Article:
Understand The Mayfly!
Paul Procter talks all things mayfly and it's life cycle. We look at nymph, emerger and spinner patterns you need for them mayfly munchers!
Perhaps the most celebrated period for us fly fishers’ is the month of May when we prepare ourselves for the arrival of mayflies. Appearing from the middle of May and through to early June, Mayflies are our largest and most graceful upwing species. The sight of the first mayfly of the season never fails to excite and is something both trout and angler revere.
Measuring over an inch long both mayfly nymphs and winged adults represent something of a mouthful for trout. That said the initial days of mayfly action can see trout become a little intimidated by the sheer size of these insects.
However, once they get a taste for them, fish often throw caution to the wind and greedily scoff hatching mayflies at all costs. It’s the exact reason the mayfly period has be christened ‘Duffers’ Fortnight’ as apparently even the uninitiated are capable of catching fish, due to the trout’s willingness to rise.
Not Just on the Chalkstreams!
Granted, Mayfly are often associated with the fertile chalkstreams of southern England, yet they appear of all types of waters, both still and running from the UK’s southern shores, right up to the far reaches of Scotland. Some of the most reputed waters are the Irish loughs, where places like lough Corrib and Mask see expectant fly fishers flock to their shores, hoping to tangle with mayfly feeding giants.
Even the supposedly barren waters of the Lake District are home to mayflies, which flutter along the shores of Buttermere, Ullswater and Lake Windermere to mention but a few. Mayfly nymphs are referred to as ‘silt burrowers’ because they create small burrows in the mud and silt. Naturally then, we can expect to find them where silted areas occur. Dependant of conditions the nymphs take one to two years to mature. Once the nymphs are ripe they emerge from the burrows and ascend to the surface in order to hatch.
Nymphs and Emergers
Mayfly nymphs swim with a seductive motion that can attract trout from afar. And whilst we all hanker for dry fly action, using a nymph during the early part of a hatch can get you on the scoreboard quickly. That said, one of the more critical stages is when the nymphs reach the surface. Tired and weak they can take a long time to break through the film, making them extremely vulnerable to hungry trout. Often you can fish the best part of a hatch using an emerger pattern.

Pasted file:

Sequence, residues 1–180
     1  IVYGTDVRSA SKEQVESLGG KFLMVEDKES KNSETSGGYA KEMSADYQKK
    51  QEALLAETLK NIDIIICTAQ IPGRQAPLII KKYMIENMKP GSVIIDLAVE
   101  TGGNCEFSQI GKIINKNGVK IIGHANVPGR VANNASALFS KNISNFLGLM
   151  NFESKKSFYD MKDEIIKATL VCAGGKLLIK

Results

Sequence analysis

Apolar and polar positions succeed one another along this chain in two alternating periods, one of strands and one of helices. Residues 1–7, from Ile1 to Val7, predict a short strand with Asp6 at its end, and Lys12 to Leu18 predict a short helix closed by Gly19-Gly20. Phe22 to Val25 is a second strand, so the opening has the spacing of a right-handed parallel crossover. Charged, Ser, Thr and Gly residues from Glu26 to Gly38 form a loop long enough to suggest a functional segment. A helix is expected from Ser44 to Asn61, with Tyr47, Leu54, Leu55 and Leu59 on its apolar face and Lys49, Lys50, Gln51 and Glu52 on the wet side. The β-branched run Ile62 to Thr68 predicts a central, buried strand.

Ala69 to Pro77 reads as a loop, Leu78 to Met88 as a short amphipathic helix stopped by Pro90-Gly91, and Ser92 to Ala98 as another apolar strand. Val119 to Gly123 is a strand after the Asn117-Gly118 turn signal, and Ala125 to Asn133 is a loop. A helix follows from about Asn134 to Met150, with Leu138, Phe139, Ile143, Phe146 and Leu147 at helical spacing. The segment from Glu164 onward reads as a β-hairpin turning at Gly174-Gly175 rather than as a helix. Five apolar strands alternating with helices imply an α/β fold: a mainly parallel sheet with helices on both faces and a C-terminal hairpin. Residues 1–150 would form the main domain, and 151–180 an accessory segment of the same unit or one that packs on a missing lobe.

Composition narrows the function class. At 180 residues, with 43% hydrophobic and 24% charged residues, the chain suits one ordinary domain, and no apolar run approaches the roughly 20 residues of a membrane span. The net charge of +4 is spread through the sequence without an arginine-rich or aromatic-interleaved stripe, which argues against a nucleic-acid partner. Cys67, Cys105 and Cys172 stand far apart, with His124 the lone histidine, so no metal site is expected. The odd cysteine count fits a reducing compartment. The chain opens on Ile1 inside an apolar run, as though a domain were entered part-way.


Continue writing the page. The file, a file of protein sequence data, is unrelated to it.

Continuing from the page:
A decent floating line will give you the edge at mayfly time as hopefully there’ll be lots of casting with a constant change of direction:
Nymphs and emergers are all well and good, but nothing compares with the seeing a trout lift to take a winged adult, or ‘mayfly dun’ as we tend to call them. This is often the most coveted sight in fly fishing an one that we never tire of! Of course with mayfly being so large, it takes the trout a little longer to inhale them, so the timing of our strike needs to be a little slower. So, rather than tighten the moment you see a fish rise to your fly, give it a second or two delay before striking.
The Mayfly Demand! Spinner Time!
Not only do trout feast on mayflies, but swallows, sand martins, swifts and even black-headed gulls get in on the act be nabbing newly emerged duns from the air as they try to reach safety. Thankfully, enough duns do find shelter in the bankside foliage and here they transform into the sexually mature fly, commonly, known as ‘spinners’ and not to be confused with those large lumps of metal lure anglers fling at predators
It’s vital to degrease the final of your tippet length, so it remains less visible to fish:
The spinners mate soon after their transformation and female mayflies return to lay their eggs at the surface. This egg laying tends to occur towards evening time and often into the dark. It’s what we refer to as a spinner fall and perhaps provides us with some of the finest surface sport of the season, as following egg-laying the female mayflies perish and carpet the surface. As trout are confident their meal isn’t about to disappear in a blur of wings now they know easy pickings are on the cards and will feed greedily.
It’s wise to use a sturdy tippet material when casting mayfly patterns as this prevents the fly spinning, which ultimately twists the leader. Suggest using tippets of between 6-8lb